Training

Stop It!

Management is indeed a difficult job. As a manager you are responsible for a number of things. Making sure the projects your department is responsible for are on track. Meeting HR deadlines for performance appraisals. Seeing to that your direct reports are receiving the right amount training and coaching when and where necessary. It’s a wonder that you get anything done.

As a consultant and coach I often hear about all the work that managers have to do with little or no resources and an ever shortening of time to complete projects before receiving a new set of number one priorities from their boss. The complaints of being overworked are never-ending. But, when pushed on why they don’t take action to correct the problem I get blank stares. Let me explain.

When I inquire into what is getting in the way of their ability to complete work, I hear they often have to redo work that they delegated. For some reason it doesn’t met their expectations of quality. When asked why I get some ambiguous response. So we take some time to break it down to review the process of delegation. Eventually we find a fixable problem and the manager is thankful for the assistance and has her plan for making the adjustments with high hopes. I would like to say that’s the end of it and we can proceed to other issues that require addressing, but, the problem comes back, because I hear the same complaints. Naturally I wonder is it something I’m not conveying am I not be clear enough.

After going through this process a number of times I realize it’s not me. I don’t say that to brag but as a fact. What it turns out to be is the manager doesn’t want to change. They really don’t want to remove the obstacle because it’s become their bragging point with other managers. Sounds strange I know, but, managers – especially middle managers – feel they need to have something to always complain about, call it a cause celeb. It provides them their set of war stories they convey to fellow managers at other companies. It’s reminiscent of the old joke about the man who goes to the doctor and tells him hurts every time he flaps his arms, he asks what he should do. The doctor tells him to stop doing what is causing him pain which is flapping his arms. Simple, but for far too many extremely hard to do.

I’m convinced that managers don’t really want to learn how to successfully delegate, if they did, they wouldn’t always be signing up for the newest how to delegate course thinking they’re going to learn some new technique. When all they have to is apply what they already know and stop taking work back that isn’t meeting standards. They don’t want to stop.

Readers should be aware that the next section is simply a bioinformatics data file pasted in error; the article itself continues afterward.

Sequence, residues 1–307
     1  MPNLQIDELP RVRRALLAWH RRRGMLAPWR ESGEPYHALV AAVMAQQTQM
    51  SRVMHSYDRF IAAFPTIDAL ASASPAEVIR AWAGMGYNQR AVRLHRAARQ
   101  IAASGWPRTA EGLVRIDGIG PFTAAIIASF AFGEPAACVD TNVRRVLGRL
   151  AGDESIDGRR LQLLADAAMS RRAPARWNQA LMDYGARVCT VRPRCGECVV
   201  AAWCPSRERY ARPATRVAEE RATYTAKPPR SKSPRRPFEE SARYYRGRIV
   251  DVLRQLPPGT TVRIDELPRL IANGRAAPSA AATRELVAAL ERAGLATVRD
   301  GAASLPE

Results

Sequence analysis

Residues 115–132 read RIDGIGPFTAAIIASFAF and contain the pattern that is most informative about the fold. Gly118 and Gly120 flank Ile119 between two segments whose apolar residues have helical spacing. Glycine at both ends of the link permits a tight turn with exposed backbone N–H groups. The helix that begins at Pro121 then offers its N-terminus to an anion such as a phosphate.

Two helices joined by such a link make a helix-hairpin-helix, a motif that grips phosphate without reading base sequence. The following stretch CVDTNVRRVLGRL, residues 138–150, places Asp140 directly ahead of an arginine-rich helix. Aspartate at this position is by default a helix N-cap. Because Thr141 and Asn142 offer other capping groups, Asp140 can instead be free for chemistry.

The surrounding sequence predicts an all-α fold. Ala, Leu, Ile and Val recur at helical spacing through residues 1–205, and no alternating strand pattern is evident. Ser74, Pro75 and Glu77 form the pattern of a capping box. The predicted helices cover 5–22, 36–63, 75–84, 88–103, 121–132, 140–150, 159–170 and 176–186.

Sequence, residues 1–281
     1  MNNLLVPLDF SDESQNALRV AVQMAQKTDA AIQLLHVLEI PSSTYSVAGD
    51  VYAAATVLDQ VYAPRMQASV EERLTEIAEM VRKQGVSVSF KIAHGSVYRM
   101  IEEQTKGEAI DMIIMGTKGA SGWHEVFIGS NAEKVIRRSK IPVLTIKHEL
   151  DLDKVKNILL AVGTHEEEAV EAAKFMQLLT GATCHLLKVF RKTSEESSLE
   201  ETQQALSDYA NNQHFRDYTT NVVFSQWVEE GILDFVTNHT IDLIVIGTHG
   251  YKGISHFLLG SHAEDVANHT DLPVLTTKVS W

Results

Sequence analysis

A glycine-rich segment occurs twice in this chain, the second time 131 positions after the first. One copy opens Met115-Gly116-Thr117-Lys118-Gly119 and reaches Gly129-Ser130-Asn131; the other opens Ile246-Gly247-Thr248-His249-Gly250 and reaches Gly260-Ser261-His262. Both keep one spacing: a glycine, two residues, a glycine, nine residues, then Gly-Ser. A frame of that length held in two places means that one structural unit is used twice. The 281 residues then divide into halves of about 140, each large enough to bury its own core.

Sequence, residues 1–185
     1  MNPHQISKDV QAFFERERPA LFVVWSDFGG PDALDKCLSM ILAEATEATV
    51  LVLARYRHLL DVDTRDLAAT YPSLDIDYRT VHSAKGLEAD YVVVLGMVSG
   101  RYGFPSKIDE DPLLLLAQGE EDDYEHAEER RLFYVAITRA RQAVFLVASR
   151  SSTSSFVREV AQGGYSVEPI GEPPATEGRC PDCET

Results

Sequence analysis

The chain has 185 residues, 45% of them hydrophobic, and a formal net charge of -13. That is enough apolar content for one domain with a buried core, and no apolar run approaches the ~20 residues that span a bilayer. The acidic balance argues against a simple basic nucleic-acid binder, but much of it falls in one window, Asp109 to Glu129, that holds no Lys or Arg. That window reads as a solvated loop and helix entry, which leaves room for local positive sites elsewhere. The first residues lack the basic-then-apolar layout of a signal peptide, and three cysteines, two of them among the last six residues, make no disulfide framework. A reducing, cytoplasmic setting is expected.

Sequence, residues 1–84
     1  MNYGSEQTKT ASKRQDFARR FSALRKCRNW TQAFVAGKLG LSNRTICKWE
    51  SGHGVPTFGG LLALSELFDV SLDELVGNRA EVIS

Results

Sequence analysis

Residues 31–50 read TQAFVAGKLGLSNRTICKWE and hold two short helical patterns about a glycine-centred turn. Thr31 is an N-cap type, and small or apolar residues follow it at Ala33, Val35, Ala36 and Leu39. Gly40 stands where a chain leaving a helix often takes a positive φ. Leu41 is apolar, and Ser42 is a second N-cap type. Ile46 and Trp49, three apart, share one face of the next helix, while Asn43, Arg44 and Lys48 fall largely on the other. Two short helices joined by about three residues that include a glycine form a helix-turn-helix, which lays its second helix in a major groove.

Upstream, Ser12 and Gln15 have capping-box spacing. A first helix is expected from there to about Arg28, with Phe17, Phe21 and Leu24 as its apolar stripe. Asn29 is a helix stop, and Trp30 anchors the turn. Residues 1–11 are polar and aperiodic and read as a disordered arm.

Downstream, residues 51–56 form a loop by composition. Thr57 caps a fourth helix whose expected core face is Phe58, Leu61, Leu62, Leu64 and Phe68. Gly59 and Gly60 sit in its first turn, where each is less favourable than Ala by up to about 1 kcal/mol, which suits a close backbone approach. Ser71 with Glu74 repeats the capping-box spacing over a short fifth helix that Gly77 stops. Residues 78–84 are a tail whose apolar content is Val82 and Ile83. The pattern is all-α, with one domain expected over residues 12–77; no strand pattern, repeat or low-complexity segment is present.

We all have things we can stop doing we just have to identify them. In case of managers redoing work they delegated it starts with setting clear expectations around the finish product and holding the people accountable for meeting them and to stop accepting incomplete work product.

In the individual sense it requires one to identify things they don’t need to do and just stop doing them. It could start with stop listening to people who are always complaining about their lot in life. People like this suck the life out of you, and they don’t really want help they just want to take up your time and like to hear themselves talk. Cutting them lose will free you in ways you can’t image.

Managers are always looking for time saving techniques and far too many have bought into various programs and processes that claim to help them be better at time management. But, if as a manager, you don’t stop doing things that suck up your time, it won’t matter what sophisticated system you implement because it will ultimately fail because you just refuse to stop doing what you do.

For those of you who remember the old Bob Newhart show he played a psychologist People would come to him for help with their problems and he had some simple and straight forward advice, just stop it. When people would push back and ask what he meant he would look at them and say you need to just stop it.

In the wise words of Bob Newhart STOP IT.

© Timothy A. Wilson All Rights Reserved



Willingness to learn: Are you?

I was sitting outside a Burger King having lunch and I noticed a mother and her two young girls. Her girls were between 4 and 18 months. What struck me were the questions they were asking their mom as they were entering the Burger King. Like why was the motorcycle so loud, what was the crow saying? They wanted to understand what was going on around them they had a willingness to learn.

Children do have a way of teaching us in ways we least expect. In the example, these young girls’ minds were open to take in new information that would be used later. Perhaps in helping to identify the call of a crow, or making the distinction between a loud car and motorcycle, this future ability will be the result of asking their mother questions to help them understand what was happening around them.

Watching these young girls interact with their mother I thought of those individuals who are managers and found myself asking, “Are managers willing to learn?” If you’re a manager, you may often feel like a parent. You have to juggle multiple project deadlines, intercede with employees who may not get along, or provide answers to questions that appear obvious to you. So if someone (like me) where to ask “are you willing to learn?” and you responded with a “are you kidding, when am I not learning, or when do I have time with everything I have to do? Your response would be understandable, but, shortsighted. Managers today have a responsibility to be willing to learn, if they don’t then they won’t be in management very long. Let me explain.